Tattoos have a long history on the human skin, underlined by a find of a body in the Alps more than 5,000 years old that had tattoos all over it. While tattoos have mostly served as decorations, status symbols, and as parts of rituals, researchers at University of Colorado Boulder believe they can be made to serve medical purposes.
The researchers encased special dyes within plastic microcapsules that are extremely small and that can be injected within the interstitial fluid of the skin, just like regular tattoo dyes. The nifty thing is that the new method allows the dyes to react to various environmental parameters, such as heat and sunlight.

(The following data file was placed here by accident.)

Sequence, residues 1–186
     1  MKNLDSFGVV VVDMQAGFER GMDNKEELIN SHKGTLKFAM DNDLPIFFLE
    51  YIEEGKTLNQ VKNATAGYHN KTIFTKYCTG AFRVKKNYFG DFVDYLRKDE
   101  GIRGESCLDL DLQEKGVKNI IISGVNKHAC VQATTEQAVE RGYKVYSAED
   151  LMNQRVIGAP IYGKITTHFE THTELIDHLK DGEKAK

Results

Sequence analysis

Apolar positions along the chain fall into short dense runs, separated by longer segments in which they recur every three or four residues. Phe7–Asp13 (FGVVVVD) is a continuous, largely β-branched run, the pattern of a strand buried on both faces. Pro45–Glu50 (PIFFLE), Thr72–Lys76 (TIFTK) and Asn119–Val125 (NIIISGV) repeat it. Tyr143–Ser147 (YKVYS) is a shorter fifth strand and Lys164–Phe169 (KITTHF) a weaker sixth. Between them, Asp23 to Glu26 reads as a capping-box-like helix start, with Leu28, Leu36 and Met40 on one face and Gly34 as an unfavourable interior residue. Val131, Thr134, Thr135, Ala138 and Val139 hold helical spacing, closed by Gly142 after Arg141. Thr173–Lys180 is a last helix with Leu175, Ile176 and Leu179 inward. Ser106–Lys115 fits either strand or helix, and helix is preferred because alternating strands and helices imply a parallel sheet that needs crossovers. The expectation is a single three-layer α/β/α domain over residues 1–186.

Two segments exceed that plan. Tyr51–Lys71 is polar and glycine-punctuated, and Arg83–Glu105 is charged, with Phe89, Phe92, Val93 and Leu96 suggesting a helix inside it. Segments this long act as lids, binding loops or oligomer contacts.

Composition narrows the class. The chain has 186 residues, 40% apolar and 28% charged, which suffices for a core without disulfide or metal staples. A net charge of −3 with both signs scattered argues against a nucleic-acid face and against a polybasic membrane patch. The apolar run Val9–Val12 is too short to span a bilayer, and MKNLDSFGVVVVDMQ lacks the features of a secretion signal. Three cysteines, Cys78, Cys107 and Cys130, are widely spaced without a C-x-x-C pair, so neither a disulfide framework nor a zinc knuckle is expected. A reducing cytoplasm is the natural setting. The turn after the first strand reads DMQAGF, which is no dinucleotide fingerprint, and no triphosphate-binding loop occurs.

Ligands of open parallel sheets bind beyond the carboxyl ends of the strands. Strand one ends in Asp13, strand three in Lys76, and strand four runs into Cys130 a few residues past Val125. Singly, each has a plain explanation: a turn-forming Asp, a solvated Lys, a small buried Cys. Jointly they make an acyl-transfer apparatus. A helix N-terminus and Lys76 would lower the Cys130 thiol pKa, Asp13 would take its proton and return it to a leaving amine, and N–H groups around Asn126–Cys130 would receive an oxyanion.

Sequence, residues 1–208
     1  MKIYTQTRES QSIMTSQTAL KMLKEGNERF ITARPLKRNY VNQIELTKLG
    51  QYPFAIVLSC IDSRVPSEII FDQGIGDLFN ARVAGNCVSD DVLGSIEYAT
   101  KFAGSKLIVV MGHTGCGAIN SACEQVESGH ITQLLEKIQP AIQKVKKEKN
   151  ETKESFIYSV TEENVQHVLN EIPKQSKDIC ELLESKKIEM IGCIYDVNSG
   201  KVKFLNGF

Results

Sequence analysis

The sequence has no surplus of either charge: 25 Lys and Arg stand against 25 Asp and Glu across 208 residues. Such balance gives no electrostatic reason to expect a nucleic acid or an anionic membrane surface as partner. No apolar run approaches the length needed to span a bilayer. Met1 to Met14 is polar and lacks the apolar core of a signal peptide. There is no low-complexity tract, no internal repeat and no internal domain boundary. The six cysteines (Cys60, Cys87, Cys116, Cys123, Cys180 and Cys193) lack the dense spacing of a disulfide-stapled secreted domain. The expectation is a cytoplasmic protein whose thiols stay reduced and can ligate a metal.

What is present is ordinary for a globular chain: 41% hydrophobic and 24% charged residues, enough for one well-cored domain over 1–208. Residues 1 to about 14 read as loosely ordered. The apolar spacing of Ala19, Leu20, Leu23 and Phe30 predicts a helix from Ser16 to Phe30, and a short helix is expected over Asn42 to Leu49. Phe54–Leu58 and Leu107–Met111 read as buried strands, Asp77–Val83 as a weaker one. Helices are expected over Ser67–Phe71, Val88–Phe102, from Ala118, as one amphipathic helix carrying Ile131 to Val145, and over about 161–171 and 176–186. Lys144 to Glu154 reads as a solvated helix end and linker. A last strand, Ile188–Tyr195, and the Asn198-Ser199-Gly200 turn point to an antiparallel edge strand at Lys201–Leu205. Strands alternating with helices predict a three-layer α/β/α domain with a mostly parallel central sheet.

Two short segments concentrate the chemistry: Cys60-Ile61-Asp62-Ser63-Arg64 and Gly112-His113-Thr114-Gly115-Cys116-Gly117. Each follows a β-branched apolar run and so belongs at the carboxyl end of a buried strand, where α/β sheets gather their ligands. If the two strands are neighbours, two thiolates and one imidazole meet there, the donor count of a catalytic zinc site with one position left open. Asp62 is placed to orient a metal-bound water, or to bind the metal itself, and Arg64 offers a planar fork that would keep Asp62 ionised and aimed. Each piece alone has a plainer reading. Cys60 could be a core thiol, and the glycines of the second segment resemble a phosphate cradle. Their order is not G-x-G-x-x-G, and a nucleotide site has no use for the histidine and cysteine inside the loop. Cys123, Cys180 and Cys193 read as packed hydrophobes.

For example, one tattoo may be made to appear only if a person is experiencing a fever, while another tattoo may serve as an indicator of sun exposure to help prevent sun burns. This has already been developed in proof-of-concept prototypes, and the researchers believe that their approach may lead to other types of tattoos that may be able to detect diseases and various health conditions.
Of course this is all laboratory work right now and actual tattoos that may enter clinical practice are a long way away. The biohackers in us are nevertheless quite excited by the potential of this technology.
Here’s a couple of videos from University of Colorado Boulder showing off the technology that’s used to make the new smart tattoos:
Via: CU Boulder…